Nietzsche, famously or infamously towards the end of the nineteenth century, declared the death of god. All of us pushing the twenty-first century forward can roll our eyes and concede that Nietzsche didn’t see a century in which god would be so very much alive. If nothing else, the increasing apoplexy of the new atheists attests to god’s ongoing existence, if not god’s burdensome omnipresence.
God is alive and active in humanity’s world. Clearly, whatever Nietzsche’s reasoning, god’s not going to die.
We’re going to have to kill him.
At least, this is the demand of Bernard Martin, a pastor, theologically trained in Lausanne and Paris, and serving as god’s representative, a half century ago, at a mental hospital in Geneva. Writing a tiny book in 1964, this man of faith insisted:
It is necessary to kill God!! (19)
Martin is passionate, earnest, and sincere about killing god, if also a little afraid. Killing god is an intimidating task.
It is painful to have to kill God. I am afraid to kill him. (20)
Nevertheless, his resolve is fixed.
I must acquiesce in killing the God of my faith. (20)
Martin seems motivated by several grave concerns, not the least of which is the bad behavior of his church.
He sincerely loved his church…
Martin writes of himself in the third person,
But, precisely because of this deep attachment, he was reluctant to see its faults…. What most distressed him…was that unbelievable moralism that had penetrated and enveloped his church’s whole understanding of Christianity. (30)
One might expect that Martin’s tiny book is a chronicle of the collapse of his faith, of his transformation from piety and belief to disillusionment, skepticism, and the kind of resentment that comes from disappointment. One might expect from Martin the autobiography of an atheist.
On the contrary. Martin’s tiny book is the chronicle of faith discovered.
Martin continues in this tiny book, and his confession is poignant and painful and, oh, so pertinent to the current state of American religion, in which folks are dashing headlong away from churches, with their faith tightly clutched under their arms.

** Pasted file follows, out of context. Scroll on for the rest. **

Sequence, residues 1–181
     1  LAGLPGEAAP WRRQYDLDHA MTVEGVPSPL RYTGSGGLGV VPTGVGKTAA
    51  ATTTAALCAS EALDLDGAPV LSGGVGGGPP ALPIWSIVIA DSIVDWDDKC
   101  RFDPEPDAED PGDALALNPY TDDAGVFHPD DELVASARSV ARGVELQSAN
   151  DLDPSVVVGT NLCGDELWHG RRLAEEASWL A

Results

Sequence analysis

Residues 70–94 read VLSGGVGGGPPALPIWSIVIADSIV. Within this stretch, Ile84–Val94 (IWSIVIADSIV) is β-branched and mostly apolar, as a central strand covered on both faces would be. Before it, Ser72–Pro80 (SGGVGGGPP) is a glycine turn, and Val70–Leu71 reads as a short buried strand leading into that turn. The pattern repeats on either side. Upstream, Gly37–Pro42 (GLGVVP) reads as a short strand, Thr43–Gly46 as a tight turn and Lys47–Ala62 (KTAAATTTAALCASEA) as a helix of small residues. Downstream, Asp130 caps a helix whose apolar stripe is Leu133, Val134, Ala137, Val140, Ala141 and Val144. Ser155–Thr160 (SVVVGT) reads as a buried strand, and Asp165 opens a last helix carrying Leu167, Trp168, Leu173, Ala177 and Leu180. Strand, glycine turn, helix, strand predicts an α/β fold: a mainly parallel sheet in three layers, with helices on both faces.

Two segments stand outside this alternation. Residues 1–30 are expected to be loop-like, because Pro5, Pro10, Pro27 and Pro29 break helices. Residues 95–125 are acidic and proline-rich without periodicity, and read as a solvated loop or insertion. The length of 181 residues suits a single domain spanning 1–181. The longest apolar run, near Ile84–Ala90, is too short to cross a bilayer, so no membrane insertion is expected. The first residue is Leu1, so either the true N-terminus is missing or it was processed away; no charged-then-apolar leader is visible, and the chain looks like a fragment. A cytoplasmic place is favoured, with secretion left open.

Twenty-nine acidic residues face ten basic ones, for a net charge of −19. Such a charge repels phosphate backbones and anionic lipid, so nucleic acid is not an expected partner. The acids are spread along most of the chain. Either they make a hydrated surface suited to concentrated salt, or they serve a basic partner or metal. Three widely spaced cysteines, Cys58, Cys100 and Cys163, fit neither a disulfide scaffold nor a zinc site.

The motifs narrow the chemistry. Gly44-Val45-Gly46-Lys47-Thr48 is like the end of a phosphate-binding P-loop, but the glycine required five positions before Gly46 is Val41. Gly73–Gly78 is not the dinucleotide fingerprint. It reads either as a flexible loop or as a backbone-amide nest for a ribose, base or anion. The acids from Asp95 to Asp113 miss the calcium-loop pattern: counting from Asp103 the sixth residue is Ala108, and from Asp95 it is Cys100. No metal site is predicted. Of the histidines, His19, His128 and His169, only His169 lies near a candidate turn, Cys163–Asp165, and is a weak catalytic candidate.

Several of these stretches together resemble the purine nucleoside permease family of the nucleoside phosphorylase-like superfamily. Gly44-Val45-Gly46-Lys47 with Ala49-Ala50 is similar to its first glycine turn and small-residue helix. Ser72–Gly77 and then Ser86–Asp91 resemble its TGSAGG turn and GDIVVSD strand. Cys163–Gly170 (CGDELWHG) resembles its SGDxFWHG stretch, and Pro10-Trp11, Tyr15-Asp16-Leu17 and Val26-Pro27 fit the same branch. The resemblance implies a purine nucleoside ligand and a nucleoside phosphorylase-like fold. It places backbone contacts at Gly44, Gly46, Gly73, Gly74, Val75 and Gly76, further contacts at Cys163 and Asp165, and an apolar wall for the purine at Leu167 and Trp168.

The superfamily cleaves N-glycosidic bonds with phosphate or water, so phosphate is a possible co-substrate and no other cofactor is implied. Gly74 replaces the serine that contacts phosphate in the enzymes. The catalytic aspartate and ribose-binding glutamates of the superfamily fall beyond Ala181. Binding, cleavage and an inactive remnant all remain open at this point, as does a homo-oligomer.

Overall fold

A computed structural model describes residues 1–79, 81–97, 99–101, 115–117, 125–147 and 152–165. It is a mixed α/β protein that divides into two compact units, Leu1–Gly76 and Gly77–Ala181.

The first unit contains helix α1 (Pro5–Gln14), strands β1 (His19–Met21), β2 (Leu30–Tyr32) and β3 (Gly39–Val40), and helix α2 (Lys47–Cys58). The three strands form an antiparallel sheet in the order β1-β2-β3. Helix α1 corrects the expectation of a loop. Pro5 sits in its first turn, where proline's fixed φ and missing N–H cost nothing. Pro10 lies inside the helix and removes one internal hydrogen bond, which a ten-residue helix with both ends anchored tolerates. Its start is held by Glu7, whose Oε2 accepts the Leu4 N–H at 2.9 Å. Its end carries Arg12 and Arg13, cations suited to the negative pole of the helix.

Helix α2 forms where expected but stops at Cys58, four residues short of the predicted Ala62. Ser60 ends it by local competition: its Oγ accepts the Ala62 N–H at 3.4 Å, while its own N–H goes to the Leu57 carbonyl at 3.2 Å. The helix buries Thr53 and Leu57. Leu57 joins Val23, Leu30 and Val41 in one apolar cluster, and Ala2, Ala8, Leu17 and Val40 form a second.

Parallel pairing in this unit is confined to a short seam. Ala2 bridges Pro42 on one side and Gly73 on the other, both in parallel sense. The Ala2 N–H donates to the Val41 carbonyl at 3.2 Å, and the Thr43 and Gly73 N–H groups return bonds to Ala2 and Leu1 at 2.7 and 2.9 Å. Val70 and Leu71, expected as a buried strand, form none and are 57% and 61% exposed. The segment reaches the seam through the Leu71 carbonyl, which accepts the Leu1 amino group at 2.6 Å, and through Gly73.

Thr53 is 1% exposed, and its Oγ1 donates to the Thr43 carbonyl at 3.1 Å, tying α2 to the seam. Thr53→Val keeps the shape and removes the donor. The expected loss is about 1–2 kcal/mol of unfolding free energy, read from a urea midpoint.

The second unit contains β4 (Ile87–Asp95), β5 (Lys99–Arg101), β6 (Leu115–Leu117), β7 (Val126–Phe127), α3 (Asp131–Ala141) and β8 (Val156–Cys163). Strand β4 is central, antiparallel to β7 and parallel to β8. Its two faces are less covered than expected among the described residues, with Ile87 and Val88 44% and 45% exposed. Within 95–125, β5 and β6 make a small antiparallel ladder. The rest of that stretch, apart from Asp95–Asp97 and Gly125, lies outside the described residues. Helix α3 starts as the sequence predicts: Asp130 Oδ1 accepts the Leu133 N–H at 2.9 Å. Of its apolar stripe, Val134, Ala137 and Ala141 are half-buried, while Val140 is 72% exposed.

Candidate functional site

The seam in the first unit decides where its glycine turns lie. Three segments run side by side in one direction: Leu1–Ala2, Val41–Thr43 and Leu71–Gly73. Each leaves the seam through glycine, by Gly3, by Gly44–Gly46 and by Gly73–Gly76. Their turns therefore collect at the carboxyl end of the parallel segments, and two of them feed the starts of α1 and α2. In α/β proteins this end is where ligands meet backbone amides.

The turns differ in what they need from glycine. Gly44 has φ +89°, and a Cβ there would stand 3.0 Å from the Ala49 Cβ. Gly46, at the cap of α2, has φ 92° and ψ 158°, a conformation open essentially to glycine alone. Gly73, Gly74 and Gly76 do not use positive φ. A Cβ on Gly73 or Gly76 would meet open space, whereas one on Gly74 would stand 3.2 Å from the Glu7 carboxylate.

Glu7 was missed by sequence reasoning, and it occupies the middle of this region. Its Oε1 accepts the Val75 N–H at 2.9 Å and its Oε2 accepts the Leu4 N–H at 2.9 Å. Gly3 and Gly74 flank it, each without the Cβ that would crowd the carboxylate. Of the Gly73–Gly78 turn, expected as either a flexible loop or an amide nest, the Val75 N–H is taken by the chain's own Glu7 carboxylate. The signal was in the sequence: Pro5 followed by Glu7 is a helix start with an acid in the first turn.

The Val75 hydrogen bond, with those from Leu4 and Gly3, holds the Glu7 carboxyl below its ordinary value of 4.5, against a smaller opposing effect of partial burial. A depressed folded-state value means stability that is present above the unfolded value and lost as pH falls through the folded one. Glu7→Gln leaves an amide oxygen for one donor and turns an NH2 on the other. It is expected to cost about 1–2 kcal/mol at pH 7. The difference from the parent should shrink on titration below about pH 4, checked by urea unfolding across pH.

What had been divine light, transcendent radiance, passed imperceptibly into the shadows where I thought I could discern a quasi-diabolic presence. It is not that the author of my conversion had been someone other than God. But I had remained hooked to a reality that could not but cease one day to be perfectly efficacious in its petrified form. (75)
The reverend Martin is grand, in this tiny book—grand in the way that only comes from the courage, such as Job’s, to blaspheme.
The whole idea of sin and salvation, so extraordinarily and irremovably anchored in the human heart, especially in the pious man, is nothing but a transaction in the marketplace. Tit for tat! I make an effort—you bless me. I make another effort—you bless me a little more. Finally, I make enough effort (but when?)—and you bless me completely… How asinine! (31)
What then? Martin rejects sin and sinfulness, the piety that makes god a fortress in which to hide and to exclude, the faith that is only conviction, the parsing of scripture and tradition, the hope of some salvation. He rejects them, one after the other, deliberately and thoughtfully and mercilessly, even without knowing what could possibly take their place. And it seems that much of the demand to reject it all comes from the realization that he can reject it. What can be set aside reveals itself as a construct.
All the rest, all that I fabricate, either by means of my human thought, or by means of my theology, or even by means of the Bible, all that must die. It is necessary to kill God, even at the risk of dying oneself. (21)
The deicide—that crime so grim the pious will punish the speaking of it—reveals the last possible thing, the thing indivisible.
I know that no difference exists between me and the most miserable, the most ill-favored man that I meet…. I can only be with him, sharing his human misery, taking part in the danger of being man, this danger that has us both in his grip…. I cannot live in the world without being in it. (73)
By killing god, Bernard Martin finds God.
The true God will be found there, outside of myself, in the world and its confusion, in the suffering of others. (20)
I am less and less a praying man. At least, I am given less and less to uttering prayers such as my tradition has shaped for me. But, under the influence both of Reverend Martin’s courage and his prayerful tone, I’m inclined to offer the following:
O God… I hope I can kill you.
Martin, Bernard. If God Does Not Die. James H. Farley, trans. (New York: John Knox, 1966).